Dare To Be A Feminist
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Bill Clinton: Gender and Racial Politics 'Greatest Threat' to Country's Future‏

Bill Clinton: Gender and Racial Politics 'Greatest Threat' to Country's Future‏ | Dare To Be A Feminist | Scoop.it

(Brennan Linsley/AP Photo) WASHINGTON — Former President Bill Clinton warned Saturday night that despite great gains for the gay and transgender community, the lines of gender and race in politics could still cast a shadow in the years ahead.


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Trouble with White Women and White Feminism

Trouble with White Women and White Feminism | Dare To Be A Feminist | Scoop.it

Today begins a weekly series of posts about white women and white feminism.  There is something troubling to me in the pattern of white women’s behavior and white feminism’s response to inequality that I want …

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Deanna Dahlsad's curator insight, October 18, 2014 3:22 PM

Great reading; and note at the bottom to find the next in the series. Click-click-click.

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Well, Hello There. It’s Me. Angry Black Lady. #ABLC

Well, Hello There. It’s Me. Angry Black Lady. #ABLC | Dare To Be A Feminist | Scoop.it
In which I introduce RH Reality Check's latest venture: MY BLOG.
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The Feminist Wire

The Feminist Wire | Dare To Be A Feminist | Scoop.it

The mission of The Feminist Wire is to provide socio-political and cultural critique of anti-feminist, racist, and imperialist politics pervasive in all forms and spaces of private and public lives of individuals globally.


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The Blame Game: Black Women, Shame, and Victim Blaming

The Blame Game: Black Women, Shame, and Victim Blaming | Dare To Be A Feminist | Scoop.it

The many stereotypes of black women are used to justify violence and aggression against them.  Because black women are mythologized as gold-digging, angry, physically strong, provocative shrews some black men assume (and this is something that having a mama, a auntie, a grandmother who raised you, or your own damn daughters doesn’t change) that if/when black women are hit, they asked for (or deserved) it.  At the end of the day many men empathize with other men and instead of vilifying any act of violence, physical or otherwise, against anyone, especially a woman, they attempt to justify it.  They put themselves in the shoes of the aggressor, but not the victim, and see themselves as blameless and reactionary, rather than violent and misogynistic.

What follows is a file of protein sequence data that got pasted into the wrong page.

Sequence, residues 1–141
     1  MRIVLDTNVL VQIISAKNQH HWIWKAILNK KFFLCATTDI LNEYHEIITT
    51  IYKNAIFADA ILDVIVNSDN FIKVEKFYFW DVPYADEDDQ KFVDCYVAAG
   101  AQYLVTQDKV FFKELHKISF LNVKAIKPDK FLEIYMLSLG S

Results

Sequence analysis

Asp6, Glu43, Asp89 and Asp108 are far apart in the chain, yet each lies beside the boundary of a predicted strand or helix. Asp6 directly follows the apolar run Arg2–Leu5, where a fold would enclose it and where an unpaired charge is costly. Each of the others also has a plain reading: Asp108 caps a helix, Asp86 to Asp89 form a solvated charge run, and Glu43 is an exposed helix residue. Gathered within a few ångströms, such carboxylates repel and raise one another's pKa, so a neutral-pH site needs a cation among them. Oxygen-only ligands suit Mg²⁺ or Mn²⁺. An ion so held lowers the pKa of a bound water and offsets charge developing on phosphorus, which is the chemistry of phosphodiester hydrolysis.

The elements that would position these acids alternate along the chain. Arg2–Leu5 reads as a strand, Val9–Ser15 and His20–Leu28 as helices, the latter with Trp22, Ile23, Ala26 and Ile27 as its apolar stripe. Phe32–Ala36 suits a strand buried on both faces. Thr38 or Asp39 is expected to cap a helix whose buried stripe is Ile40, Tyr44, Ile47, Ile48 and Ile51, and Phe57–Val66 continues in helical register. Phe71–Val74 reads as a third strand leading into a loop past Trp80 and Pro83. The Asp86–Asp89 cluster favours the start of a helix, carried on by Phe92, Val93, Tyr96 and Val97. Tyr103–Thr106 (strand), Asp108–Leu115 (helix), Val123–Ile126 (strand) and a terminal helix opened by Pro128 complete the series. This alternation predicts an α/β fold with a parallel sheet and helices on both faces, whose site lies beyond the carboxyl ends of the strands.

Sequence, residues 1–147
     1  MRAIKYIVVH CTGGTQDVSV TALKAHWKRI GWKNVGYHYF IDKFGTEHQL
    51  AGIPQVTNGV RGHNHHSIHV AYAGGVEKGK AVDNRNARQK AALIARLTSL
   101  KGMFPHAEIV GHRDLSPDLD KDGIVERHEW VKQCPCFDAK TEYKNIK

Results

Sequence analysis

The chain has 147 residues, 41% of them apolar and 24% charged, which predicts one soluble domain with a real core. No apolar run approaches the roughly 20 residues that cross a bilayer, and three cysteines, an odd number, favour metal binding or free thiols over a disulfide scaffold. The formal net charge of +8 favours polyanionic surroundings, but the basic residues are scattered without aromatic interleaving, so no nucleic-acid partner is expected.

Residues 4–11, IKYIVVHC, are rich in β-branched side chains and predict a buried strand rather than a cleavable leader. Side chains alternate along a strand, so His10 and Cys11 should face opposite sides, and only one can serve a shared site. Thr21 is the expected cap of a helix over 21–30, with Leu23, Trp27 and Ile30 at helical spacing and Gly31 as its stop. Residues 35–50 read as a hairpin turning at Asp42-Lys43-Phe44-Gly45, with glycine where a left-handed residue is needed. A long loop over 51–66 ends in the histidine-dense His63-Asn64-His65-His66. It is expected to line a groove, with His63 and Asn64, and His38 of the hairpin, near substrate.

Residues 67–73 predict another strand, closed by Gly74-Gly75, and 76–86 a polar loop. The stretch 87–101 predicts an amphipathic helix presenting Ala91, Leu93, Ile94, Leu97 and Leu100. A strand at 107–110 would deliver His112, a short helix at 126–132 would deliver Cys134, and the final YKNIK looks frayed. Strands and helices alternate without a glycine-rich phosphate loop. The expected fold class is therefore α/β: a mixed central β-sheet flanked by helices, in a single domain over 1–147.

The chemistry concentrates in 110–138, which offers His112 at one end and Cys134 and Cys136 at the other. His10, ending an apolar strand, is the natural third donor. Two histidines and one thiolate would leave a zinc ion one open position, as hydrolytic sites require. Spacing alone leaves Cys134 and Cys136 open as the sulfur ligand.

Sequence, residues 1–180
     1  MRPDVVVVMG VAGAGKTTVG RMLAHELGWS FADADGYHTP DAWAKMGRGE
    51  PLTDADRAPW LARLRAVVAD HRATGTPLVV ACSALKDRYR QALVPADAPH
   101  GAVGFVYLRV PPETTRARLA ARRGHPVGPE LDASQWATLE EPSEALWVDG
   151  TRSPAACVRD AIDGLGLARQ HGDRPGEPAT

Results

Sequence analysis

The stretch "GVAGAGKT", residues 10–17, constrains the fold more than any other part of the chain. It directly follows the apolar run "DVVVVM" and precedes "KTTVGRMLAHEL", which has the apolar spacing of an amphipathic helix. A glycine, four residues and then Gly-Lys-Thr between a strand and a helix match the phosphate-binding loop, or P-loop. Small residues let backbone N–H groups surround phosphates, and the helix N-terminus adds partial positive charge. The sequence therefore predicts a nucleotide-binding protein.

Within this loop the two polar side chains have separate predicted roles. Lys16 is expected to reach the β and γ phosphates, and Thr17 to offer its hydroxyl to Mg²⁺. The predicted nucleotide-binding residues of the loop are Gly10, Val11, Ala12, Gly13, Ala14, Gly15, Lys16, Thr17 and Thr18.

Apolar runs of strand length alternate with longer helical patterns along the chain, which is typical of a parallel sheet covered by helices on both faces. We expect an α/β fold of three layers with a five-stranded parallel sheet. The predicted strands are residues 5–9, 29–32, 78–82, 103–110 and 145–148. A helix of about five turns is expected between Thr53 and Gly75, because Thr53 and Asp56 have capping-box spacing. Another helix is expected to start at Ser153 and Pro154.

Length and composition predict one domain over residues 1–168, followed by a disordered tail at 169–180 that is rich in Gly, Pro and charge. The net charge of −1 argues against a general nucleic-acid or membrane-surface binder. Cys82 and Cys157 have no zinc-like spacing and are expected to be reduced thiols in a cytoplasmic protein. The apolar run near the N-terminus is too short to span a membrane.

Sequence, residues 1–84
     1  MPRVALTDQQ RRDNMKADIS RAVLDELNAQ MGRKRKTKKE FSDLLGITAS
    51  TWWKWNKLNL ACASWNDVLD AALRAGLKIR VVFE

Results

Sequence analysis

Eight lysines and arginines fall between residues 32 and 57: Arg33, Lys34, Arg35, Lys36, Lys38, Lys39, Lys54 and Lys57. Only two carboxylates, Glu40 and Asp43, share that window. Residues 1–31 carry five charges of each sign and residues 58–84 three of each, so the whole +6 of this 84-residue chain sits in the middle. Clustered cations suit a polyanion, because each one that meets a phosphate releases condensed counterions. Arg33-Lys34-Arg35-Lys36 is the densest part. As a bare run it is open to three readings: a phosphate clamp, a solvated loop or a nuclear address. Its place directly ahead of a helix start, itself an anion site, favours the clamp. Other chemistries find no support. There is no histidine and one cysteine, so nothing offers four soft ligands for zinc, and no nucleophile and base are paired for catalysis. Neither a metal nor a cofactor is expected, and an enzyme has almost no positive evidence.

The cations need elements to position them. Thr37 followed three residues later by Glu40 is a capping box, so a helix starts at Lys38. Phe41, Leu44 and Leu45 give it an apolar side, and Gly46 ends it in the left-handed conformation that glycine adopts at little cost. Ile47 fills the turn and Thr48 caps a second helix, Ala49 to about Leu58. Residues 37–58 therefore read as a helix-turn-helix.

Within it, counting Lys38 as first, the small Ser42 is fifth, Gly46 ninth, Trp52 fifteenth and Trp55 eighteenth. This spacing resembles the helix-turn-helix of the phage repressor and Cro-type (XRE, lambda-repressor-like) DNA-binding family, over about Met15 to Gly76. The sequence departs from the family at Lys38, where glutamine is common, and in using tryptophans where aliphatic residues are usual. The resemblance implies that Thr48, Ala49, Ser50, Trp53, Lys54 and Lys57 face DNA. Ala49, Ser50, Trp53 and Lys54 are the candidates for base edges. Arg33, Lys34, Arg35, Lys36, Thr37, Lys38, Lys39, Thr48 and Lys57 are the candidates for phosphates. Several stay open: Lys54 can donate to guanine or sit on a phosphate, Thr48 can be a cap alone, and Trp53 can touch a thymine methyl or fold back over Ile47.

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Toxicity: The True Story of Mainstream Feminism’s Violent Gatekeepers -

Toxicity: The True Story of Mainstream Feminism’s Violent Gatekeepers - | Dare To Be A Feminist | Scoop.it

Internet culture has become increasingly meme-heavy, and the mainstream (white) feminist meme du jour is “toxicity.” Twitter, they claim, has become hostile to them. When Louise Mensch wrote an article last year about why she didn’t need to check her privilege, there were few feminists rushing to her side. This year, however, daring to call a white woman out on her privilege – even when done in one’s own space in an entirely non-confrontational manner – is met with cries of bullying and worse.


Why the sudden change?

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Stop Being So Attached!: A Beginner’s Guide on Problematic Language

Stop Being So Attached!: A Beginner’s Guide on Problematic Language | Dare To Be A Feminist | Scoop.it
Language is an extremely finicky thing. Much like a snowball, a language picks up habits from the culture that uses it as time goes on, especially our really bad habits like racism, sexism, and homophobia. If a single word is enough to dismiss and disregard an entire population’s feelings, ideas, and humanity, you can imagine why those people would want it erased from society’s vocabulary.
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Right-Wing Reaction to Mandela's Death Exposes Link Between Racism and Misogyny

Right-Wing Reaction to Mandela's Death Exposes Link Between Racism and Misogyny | Dare To Be A Feminist | Scoop.it

If there was any doubt that the politics of the right are based in fear and resentment, the right-wing reaction to the death of Nelson Mandela laid it to rest, a moment that also laid bare the relationship between racism and opposition to the free agency of women.